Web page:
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Back On The Trail

The long winter months are slowly fading into the past and, the anticipation of spring rejoices and demands our attention. The Great Wagon Road Project has not been silent and quiet all winter. Various investigations have occurred with a suspected route dipping into the northern section of North Carolina near present-day Highway 220 in Rockingham County. The Moravians clearly traveled this particular route per their diaries and journals during the year 1753. The question is, Does this route fit the description of the Great Wagon Road? According to recent evidence uncovered, the answer is probably not. But, stay tuned for the latest developments on this route from Roanoke, Virginia, to the Wachovia Tract.

Old Stone Church located in Augusta County, Virginia. This church stood along the Great Wagon Road and majority of families would see the original building as they journeyed onward. (Courtesy of the Library of Congress)

An older route has emerged through various documents, old letters, and a few survey maps of southern Virginia. This route dates before 1748 with documented proof. An overwhelming amount of evidence exists proclaiming this route wide enough to accompany wagons by 1751. As the project begins to uncover this route, reference materials are identified, noted, and filed. The project receives several possible leads nearly every week since the project originated. These have been non-stop through the winter break, and interviews, photos, and reference points on each submission become part of the project.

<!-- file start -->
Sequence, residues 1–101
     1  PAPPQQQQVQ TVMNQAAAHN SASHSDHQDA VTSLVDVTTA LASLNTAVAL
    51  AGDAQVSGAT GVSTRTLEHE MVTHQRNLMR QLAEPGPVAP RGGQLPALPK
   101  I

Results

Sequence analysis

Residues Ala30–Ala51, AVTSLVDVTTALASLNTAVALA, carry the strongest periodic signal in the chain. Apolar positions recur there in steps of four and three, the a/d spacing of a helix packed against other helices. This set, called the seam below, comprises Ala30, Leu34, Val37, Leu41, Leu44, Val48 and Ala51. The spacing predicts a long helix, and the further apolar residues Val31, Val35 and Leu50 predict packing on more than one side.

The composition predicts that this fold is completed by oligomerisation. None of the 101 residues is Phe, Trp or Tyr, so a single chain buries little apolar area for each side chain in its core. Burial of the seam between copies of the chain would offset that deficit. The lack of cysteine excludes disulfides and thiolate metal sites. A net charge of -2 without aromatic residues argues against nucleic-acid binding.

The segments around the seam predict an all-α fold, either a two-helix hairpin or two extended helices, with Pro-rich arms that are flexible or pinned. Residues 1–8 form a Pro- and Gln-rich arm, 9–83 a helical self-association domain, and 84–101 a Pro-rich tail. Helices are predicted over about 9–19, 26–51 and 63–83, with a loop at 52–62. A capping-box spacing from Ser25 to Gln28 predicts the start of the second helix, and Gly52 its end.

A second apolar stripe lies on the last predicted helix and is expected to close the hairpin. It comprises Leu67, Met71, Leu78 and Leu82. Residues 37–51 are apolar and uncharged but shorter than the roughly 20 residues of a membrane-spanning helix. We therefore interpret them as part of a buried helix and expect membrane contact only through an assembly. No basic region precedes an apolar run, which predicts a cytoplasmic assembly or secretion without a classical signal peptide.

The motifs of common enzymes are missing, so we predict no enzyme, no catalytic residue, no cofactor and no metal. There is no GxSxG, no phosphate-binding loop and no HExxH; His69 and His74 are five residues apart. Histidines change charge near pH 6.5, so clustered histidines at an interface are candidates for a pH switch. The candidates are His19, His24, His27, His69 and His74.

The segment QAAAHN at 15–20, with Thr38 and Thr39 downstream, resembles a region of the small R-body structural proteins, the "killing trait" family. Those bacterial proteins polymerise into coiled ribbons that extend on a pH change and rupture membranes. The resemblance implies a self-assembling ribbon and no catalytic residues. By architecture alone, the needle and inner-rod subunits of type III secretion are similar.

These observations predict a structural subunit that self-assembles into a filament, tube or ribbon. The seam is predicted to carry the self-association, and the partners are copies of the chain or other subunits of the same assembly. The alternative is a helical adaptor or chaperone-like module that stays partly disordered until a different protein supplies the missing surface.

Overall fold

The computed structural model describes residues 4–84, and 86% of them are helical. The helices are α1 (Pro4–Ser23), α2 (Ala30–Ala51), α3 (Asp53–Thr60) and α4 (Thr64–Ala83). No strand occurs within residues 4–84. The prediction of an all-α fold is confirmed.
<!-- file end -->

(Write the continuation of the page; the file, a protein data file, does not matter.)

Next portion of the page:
March 15th is the big day when the project begins again after the onset of the coronavirus. The majority of university libraries are still closed to the public adding closures for historical museums and organizations. But the project is moving forward and rejoicing in the warm sunshine as many road trips for the summer months are anticipated.

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